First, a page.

By Jeff Calareso
Scandal in Great Neck
In September, police in New York's Nassau County arrested six students from Great Neck North High School and one former student, a 19-year-old named Sam Eshaghoff, who was attending Emory University. The six students allegedly paid Eshaghoff between $1,500 and $2,500 each to take the SAT in their place. Faculty at the school had been tipped off by a rumor of impersonations; they then found significant discrepancies between the students' SAT scores and their regular academic performance.
The students initially succeeded in the deception by registering for the SAT at a different school than their own. This enabled Eshaghoff to use a fake ID with the each student's name and his own picture. Because he took the test at a school other than Great Neck North High School, the test proctors weren't familiar with the students or the imposter. While the students face misdemeanor charges, Eshaghoff could be sentenced to as many as four years in prison if convicted.
Increased Security Looming
In response to the scandal, the College Board and Educational Testing Service (ETS), the creators and administrators of the SAT, have vowed to enhance security. Their highest-profile gesture has been hiring Freeh Group International Solutions to consult. That group is headed by Louis J. Freeh, a former director of the FBI.
In late October, College Board president Gaston Caperton announced that new security measures would begin with the November SAT. Initial steps will include a closer examination of test scores for irregularities, such as unusually large improvements by a student from one test to the next. The College Board has also pledged to increase training for test center supervisors. Other possible security measures include raising the number of forms of identification that are required from one to two and taking digital photographs of all students as they enter the test site in order to verify their identity.
How Common Is SAT Cheating?
While the gestures by the College Board have been welcomed, their sincerity in pursuing cheaters has been questioned. When the scandal first broke, ETS claimed that cheating on the SAT is extremely rare and that this was an isolated case. Since then, more details on the scope of SAT cheating have emerged.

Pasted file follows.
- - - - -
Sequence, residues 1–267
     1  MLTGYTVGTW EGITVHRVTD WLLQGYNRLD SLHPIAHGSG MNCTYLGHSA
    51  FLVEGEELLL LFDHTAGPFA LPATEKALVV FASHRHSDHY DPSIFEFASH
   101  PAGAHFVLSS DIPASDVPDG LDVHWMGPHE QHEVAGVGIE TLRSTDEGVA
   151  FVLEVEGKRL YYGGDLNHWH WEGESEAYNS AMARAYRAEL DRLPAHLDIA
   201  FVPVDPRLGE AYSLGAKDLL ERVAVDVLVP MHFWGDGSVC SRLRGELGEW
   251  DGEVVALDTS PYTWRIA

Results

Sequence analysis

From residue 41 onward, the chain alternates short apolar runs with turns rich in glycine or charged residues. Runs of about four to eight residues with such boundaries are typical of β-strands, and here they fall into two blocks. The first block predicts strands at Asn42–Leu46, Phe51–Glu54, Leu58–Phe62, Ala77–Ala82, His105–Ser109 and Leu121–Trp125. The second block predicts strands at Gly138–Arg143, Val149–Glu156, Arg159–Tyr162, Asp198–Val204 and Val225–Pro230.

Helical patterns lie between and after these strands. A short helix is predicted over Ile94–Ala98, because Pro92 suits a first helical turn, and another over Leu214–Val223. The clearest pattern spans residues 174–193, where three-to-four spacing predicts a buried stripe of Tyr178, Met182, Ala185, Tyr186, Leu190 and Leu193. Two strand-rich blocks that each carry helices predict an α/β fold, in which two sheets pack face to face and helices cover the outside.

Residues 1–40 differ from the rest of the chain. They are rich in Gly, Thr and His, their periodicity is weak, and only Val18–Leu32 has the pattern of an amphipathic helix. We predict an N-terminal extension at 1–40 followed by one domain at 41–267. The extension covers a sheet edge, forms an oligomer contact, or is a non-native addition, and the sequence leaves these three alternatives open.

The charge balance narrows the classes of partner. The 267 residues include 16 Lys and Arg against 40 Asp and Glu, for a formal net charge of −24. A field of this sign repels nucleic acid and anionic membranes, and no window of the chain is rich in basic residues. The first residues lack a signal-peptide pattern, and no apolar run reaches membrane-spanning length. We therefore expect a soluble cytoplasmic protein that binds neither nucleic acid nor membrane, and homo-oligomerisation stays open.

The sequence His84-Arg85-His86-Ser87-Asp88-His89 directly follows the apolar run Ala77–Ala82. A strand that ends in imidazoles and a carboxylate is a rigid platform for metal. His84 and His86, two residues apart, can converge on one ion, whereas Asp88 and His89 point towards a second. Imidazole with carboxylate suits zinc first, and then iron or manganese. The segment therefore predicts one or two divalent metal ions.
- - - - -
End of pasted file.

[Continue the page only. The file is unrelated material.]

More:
ETS spends approximately $25 million on security each year, or ten percent of their budget for College Board exams. Of the more than two million tests taken annually, around 3,000 are cancelled for cheating, most often due to suspected copying. ETS is now reporting that about 150 impersonations are discovered each year, while an additional 750 students are turned away from testing sites for suspected impersonations. They haven't released an estimate on how often impersonators might be succeeding, though school officials believe the Great Neck scandal is just the tip of the iceberg.
In the wake of the scandal, school officials have become more vocal with the accusations of lax standards by ETS. They complain that schools are left out of security discussions. They also point to the ability of students to take the SAT at different schools as a major security flaw.
There have been calls for a variety of more dramatic changes than what the College Board has proposed. These include better pay for proctors, who currently receive just $75 per day. Also, critics of ETS have suggested fingerprinting test-takers and increasing the consequences for cheaters. Currently, students who cheat have their scores cancelled, but they can take the test again and their cheating isn't reported to schools where they apply. While such measures may repair the image of the SAT, the Great Neck scandal seems to have caused serious damage to its credibility and reputation.
This latest scandal has renewed criticism of the SAT, though many have long questions how much the SAT and ACT should count in admissions decisions